The best investment decisions are almost always those that feel most uncomfortable at the time they are made. George Soros says he gets terrible backache when running his biggest positions. ‘If it ain’t hurting, it ain’t working’ is a good motto to put on your computer screen. Those who think Japan is an excellent home for their money at the moment (as I do) are very familiar with this phenomenon.
What do you want the stock market to do for you? Make short-term speculative gains, or grow your wealth over a period of years? My answer would be: ideally both — but the wealth part is by far the more important of the two. The-question is: what can a wealth-seeking investor do to minimise the risk of losses along the way? Here’s one technique that might help.
Aim — originally the Alternative Investment Market — is a curious entity that understandably excites conflicting responses. Since its launch in 1995, London’s ‘junior’ market has raised some £24 billion in new capital for smaller companies. But more than 70 per cent of companies listed on this relatively laissez-faire exchange have failed to make money for investors. A huge number have disappeared: the best taken over or promoted to the main market; many more simply insolvent; some spectacularly fraudulent. The official Aim index, which tracks the performance of its 1,100 constituent members, remains 27 per cent lower today than it was when Aim opened two decades ago — and it excludes companies that have gone south in the intervening years. Yet, paradoxically, Aim has also been a resounding success.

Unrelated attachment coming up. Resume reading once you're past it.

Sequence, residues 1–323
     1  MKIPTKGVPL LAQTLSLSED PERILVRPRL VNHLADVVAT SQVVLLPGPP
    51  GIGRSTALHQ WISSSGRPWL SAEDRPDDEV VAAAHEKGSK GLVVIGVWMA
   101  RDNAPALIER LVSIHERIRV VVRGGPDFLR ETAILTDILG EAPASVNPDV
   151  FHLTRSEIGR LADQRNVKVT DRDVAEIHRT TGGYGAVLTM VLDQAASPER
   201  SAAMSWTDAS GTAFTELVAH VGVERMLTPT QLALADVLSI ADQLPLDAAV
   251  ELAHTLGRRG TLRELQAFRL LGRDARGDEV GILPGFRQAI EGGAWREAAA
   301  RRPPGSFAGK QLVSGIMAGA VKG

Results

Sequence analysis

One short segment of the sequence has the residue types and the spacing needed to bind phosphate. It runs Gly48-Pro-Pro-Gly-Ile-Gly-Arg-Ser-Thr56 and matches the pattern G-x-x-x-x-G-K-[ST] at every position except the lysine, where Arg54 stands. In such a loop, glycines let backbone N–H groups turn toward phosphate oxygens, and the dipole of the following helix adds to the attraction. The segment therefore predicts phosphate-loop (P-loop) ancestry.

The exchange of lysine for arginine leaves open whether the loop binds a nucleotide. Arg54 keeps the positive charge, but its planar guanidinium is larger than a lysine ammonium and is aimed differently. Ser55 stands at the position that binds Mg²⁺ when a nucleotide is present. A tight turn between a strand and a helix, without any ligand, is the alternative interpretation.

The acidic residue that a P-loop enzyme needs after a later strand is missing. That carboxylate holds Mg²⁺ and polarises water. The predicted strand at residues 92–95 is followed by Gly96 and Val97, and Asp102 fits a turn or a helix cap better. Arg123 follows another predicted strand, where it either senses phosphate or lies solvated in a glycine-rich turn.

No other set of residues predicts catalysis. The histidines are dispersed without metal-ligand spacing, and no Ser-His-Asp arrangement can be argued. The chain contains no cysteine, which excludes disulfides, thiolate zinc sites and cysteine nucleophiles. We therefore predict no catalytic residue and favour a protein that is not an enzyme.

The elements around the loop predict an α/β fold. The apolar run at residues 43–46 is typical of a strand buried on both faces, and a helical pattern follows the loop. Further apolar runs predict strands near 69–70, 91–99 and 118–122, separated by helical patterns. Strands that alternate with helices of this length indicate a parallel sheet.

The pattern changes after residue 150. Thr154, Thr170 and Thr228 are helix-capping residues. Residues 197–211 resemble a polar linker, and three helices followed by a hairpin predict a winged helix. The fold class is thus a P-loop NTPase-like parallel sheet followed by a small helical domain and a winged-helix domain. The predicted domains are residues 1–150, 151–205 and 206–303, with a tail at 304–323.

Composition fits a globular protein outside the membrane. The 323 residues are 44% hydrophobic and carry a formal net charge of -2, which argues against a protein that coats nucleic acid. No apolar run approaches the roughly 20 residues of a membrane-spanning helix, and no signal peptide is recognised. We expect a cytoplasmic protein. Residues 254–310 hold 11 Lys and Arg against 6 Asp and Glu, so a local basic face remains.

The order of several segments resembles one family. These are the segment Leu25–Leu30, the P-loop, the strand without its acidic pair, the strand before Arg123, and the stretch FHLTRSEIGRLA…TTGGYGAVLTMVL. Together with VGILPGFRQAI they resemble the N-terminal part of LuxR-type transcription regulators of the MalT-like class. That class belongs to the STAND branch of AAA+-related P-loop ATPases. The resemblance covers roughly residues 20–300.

Is there a genuinely independent go-to guide for anyone who cares about the future of the UK economy but isn’t sure how to cast their vote in the Brexit referendum? Two-thirds of voters are said by unreliable pollsters to have made up their minds already, which leaves at least a third undecided. As the strident rhetoric and tendentious factoids of the two campaigns intensify, the need for dispassionate analysis could not be greater.
In a world where we’re heading for driverless cars, drones that deliver groceries to your back garden and smartphones that switch your lights and radiators on and off automatically while you are miles away from home, is it strange to think about handing over your money to a robot to look after? No, it’s not such a daft idea as it may first appear — and if the trend to robotise your finances gains traction, it will mean exciting opportunities for investors and potential trouble for the army of financial advisers and wealth managers who make a well-paid living looking after your money today.
Interviewing James Anderson is a lot more refreshing than grilling your average fund manager, as befits a man who runs one of the country’s most venerable investment trusts in a most unvenerable way. The Scottish Mortgage Trust, established in 1909 by Baillie Gifford, has been taken in a new and more adventurous direction under its latest managerial team, which pairs Mr Anderson, a historian, and Tom Slater, a computer scientist, as co-managers. (This is a fuller version of an interview which first appeared in the Spectator in its May 22nd 2015 issue).